Features of national automation MS Excel

It's no secret that there are programs that work perfectly with the English "culture" and begin to "fail" when it comes to national "cultures." Upon closer examination, it turned out that the MS Excel office program was just one of those numbers. How to get around some of the "features" of MS Excel and will be discussed in this article.

Formulation of the problem
There is a Windows 7 operating system with Russian regional settings and English-language MS Office 2010. It is required to collect information about the currently running system processes and create an Excel spreadsheet based on them. And for greater clarity, also build a pie chart. We will solve the problem using MS PowerShell.

So, let's start first - by collecting information about the OS processes and creating an Excel.Application object:
$ processes = Get-WmiObject -Class Win32_Process # List of running processes
$ excel = New-Object -ComObject Excel.Application
$ excel.SheetsInNewWorkbook = 1 # Number of sheets in a newly created Excel workbook (default 3)

If you follow these three lines, then, due to the mismatch between the regional settings of the OS and MS Office, a “mysterious” message will appear on the screen: “Exception setting“ SheetsInNewWorkbook ”:“ Old format or invalid type library. (Exception from HRESULT: 0x80028018 (TYPE_E_INVDATAREAD)) "." This is solved simply - it is necessary to set the current regional settings to the value “en-US”:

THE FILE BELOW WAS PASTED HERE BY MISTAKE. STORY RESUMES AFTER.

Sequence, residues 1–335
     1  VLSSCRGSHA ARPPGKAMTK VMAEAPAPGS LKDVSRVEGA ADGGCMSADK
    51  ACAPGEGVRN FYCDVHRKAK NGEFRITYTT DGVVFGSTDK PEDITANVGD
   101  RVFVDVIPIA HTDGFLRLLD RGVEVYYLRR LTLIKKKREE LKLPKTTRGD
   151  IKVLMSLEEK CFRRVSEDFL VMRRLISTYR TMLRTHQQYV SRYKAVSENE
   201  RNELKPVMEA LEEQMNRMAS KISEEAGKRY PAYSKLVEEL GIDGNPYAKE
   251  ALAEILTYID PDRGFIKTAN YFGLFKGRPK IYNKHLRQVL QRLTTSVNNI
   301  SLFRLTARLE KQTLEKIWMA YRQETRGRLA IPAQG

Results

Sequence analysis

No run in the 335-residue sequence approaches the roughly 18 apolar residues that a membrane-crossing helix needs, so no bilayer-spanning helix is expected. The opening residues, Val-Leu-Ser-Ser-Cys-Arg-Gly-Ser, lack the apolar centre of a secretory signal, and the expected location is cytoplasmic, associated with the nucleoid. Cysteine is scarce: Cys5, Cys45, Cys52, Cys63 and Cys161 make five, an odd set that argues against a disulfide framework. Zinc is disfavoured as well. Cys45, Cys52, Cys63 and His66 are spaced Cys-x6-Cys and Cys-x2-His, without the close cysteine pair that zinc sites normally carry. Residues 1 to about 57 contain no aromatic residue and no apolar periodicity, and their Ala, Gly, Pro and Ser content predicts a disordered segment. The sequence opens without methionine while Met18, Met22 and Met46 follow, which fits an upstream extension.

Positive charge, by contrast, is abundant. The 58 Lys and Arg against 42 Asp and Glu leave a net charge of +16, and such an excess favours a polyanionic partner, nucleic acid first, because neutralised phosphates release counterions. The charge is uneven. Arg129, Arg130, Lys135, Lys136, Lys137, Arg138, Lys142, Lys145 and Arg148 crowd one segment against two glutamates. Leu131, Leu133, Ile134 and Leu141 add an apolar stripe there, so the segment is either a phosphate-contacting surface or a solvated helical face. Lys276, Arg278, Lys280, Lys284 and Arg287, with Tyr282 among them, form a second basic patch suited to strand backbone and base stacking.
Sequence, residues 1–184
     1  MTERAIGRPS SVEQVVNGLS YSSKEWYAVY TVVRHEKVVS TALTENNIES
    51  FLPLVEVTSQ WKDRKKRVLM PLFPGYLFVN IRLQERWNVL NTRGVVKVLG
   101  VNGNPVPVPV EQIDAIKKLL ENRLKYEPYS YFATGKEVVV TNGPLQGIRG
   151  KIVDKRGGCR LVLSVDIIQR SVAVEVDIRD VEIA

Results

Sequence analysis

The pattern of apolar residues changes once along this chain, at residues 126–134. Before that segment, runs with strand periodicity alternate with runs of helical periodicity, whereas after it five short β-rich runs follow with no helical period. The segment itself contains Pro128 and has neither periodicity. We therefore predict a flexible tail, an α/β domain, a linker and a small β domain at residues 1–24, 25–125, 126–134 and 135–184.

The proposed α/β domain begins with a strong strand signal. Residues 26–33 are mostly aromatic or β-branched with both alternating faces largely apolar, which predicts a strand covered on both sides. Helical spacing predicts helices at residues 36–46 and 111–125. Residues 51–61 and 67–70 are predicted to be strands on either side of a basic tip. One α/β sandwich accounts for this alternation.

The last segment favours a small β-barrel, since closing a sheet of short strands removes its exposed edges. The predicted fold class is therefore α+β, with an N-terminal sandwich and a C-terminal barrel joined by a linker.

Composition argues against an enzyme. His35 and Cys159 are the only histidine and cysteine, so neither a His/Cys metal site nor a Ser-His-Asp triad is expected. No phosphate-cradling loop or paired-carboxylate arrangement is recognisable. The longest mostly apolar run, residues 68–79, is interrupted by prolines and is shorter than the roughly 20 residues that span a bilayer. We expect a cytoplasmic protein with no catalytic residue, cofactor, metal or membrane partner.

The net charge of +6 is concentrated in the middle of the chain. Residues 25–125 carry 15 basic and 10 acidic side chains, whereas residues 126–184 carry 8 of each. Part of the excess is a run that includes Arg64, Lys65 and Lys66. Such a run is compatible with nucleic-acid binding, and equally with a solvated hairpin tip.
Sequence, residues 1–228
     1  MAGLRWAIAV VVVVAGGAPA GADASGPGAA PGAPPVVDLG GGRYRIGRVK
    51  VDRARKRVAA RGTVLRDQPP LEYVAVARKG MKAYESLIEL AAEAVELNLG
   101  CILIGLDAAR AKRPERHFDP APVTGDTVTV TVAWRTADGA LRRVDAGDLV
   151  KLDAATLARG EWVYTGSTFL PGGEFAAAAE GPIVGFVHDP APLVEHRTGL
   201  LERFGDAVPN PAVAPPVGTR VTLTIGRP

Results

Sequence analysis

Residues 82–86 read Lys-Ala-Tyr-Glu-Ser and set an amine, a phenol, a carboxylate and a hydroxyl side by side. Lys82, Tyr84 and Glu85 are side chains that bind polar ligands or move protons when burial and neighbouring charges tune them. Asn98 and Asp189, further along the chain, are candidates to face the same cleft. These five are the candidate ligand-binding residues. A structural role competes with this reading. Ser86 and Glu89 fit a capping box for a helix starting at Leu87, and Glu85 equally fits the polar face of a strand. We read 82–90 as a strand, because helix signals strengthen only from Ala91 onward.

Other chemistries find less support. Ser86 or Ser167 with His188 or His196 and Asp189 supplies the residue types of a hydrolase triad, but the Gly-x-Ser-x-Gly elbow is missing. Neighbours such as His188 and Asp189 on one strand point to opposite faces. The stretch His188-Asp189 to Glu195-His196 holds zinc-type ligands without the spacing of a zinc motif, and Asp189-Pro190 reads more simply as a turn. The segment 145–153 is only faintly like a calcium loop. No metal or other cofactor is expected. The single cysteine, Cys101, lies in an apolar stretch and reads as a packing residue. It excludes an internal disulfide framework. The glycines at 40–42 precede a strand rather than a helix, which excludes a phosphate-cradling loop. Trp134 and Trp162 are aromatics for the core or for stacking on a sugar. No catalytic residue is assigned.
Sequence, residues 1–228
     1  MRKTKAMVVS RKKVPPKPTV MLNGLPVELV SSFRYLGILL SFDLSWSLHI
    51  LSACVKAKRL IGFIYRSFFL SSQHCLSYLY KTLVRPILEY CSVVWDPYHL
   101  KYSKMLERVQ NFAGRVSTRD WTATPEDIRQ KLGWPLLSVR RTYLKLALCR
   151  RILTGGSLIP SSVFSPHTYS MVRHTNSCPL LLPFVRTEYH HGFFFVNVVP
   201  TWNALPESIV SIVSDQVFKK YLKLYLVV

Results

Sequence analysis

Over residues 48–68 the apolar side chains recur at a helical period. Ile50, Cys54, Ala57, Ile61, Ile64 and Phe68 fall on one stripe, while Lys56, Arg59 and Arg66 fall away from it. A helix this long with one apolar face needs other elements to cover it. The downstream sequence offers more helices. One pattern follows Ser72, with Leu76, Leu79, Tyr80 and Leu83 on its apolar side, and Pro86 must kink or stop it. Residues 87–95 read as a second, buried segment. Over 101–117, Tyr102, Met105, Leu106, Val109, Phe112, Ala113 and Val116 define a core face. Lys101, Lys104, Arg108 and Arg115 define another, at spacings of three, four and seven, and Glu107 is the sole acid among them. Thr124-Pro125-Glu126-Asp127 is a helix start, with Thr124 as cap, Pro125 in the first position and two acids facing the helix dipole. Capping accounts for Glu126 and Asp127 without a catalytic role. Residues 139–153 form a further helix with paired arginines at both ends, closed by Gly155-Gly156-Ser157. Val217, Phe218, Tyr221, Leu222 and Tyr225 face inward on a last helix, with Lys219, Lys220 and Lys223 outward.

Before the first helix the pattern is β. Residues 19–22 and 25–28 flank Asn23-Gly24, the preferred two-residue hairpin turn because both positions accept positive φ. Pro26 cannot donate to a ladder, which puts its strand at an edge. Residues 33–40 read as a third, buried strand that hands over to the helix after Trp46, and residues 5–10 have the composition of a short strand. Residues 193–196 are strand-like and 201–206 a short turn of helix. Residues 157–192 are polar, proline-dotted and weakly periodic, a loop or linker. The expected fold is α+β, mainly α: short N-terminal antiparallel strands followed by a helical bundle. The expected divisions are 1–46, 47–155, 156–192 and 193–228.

# Retain the previous value of the regional settings
$ OldCulture = [System.Threading.Thread] :: CurrentThread.CurrentCulture
$ culture = [System.Globalization.CultureInfo] "en-US" # Set the regional settings en-US
# Block that will execute if somewhere in this script a
trap  error will occur
    # **************************************** ******************************************
    # **** There will be a code necessary for script shutdown ***
    # ******************************************** ***************************************
    # Restore previous regional settings and end the script
    [System.Threading.Thread] :: CurrentThread.CurrentCulture = $ OldCulture; break;
[System.Threading.Thread] :: CurrentThread.CurrentCulture = $ culture # Apply new regional settings

After that, we write the previous three commands, make the created Excel instance visible, and create a new workbook:
$ excel.visible = $ true
$ workbook = $ excel.workbooks.add ()
$ workbook.worksheets.item (1) .Name = "Processes" # Rename a single table for convenience
$ sheet = $ workbook.worksheets.item (" Processes ") # Select the table“ Processes ”(get a link to it)